LAWRENCE — Researchers from the University of Kansas are helping build an international, multidisciplinary center to monitor pathogens in wild mammals and act as an early warning system for pandemic prediction and prevention.
The Pathogen Informatics Center for Analysis, Networking, Translation & Education (PICANTE) will link real-time monitoring of wildlife pathogens to permanent biodiversity archives, including KU’s Biodiversity Institute and Natural History Museum.
PICANTE is supported by an initial $1 million planning grant from the National Science Foundation’s Predictive Intelligence for Pandemic Prevention program. The new center’s approach will be to “detect subtle shifts in pathogen-host-environment systems, to proactively identify threats and predict early signatures of pandemic emergence” through a combination of genomic sequencing, bioinformatics, geovisualization, mathematical modeling and machine learning.
“Traditionally, when a disease emerges in humans, suddenly we care about it — that makes us reactive in the way we sample animals, our environment and even people,” said Jocelyn Colella, Robert W. and Geraldine Wilson Assistant Professor of Ecology & Evolutionary Biology at KU and assistant curator of mammals with KU’s Biodiversity Institute, who will head up PICANTE efforts at KU. “That reactive approach is not only ‘too late,’ but it leads to biased sampling that limits our ability to apply cutting-edge computational methods, like machine learning and artificial intelligence, to biodiversity data.”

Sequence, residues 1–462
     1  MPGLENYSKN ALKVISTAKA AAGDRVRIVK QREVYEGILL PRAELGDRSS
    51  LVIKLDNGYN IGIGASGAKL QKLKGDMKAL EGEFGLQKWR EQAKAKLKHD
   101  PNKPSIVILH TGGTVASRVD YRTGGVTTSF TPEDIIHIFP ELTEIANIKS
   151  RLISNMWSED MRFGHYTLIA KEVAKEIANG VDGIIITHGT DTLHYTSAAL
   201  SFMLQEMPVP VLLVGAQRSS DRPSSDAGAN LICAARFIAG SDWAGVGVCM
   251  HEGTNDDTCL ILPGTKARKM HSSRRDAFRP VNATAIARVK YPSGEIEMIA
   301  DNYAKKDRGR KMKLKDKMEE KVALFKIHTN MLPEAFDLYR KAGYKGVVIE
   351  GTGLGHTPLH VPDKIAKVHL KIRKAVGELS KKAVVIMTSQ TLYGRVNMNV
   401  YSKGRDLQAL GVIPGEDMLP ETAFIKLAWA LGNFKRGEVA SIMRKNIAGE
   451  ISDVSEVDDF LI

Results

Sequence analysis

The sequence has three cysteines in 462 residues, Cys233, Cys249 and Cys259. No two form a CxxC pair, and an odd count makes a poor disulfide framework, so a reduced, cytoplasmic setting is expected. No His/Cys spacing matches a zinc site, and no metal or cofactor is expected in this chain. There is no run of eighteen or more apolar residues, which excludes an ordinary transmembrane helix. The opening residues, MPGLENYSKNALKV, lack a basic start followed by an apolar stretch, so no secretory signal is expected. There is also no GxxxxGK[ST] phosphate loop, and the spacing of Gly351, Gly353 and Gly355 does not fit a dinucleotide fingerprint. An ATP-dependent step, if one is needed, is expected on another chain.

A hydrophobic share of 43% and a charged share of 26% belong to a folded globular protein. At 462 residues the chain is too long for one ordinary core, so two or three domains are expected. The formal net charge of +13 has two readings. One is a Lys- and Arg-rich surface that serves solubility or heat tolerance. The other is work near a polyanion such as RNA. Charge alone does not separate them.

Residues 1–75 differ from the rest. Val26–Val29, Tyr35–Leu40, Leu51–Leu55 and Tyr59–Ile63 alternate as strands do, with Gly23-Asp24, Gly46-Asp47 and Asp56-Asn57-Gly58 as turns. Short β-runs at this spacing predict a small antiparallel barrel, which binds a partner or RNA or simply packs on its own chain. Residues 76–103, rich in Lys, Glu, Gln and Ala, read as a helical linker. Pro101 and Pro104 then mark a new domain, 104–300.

According to Colella, researchers need to first understand baseline conditions, then monitor changes in those over time.
“This is where including museums can really add to the wildlife component of ‘One Health’ — the idea that the health of humans, animals and their environments are all connected.”
At the outset, PICANTE researchers will focus on hantaviruses in rodents to show the efficacy of their approach. According to the Centers for Disease Control and Prevention, 833 cases of hantavirus disease in people were reported in the U.S. between 1993 and 2020, following an outbreak in the Southwest in 1993. A larger hantavirus outbreak occurred in Panama around the year 2000 was caused by a different strain of the virus. Today, there are more than 20 recognized strains of hantaviruses found in diverse mammalian hosts from rodents to shrew and bats.
“Our engineering team is developing new technology to affordably and rapidly screen mammal tissues for a suite of different pathogens,” Colella said. “In the meantime, our biologists and social scientists are building models based on tens of thousands of rodent records that have been screened for hantaviruses and human health data to examine how well the environmental space has been sampled and what we need to do better or differently to fill some of those sampling gaps.”
One such scientist is PICANTE researcher Folashade Agusto, associate professor of ecology & evolutionary biology, who will apply mathematical modeling skills to different modeling approaches across fields.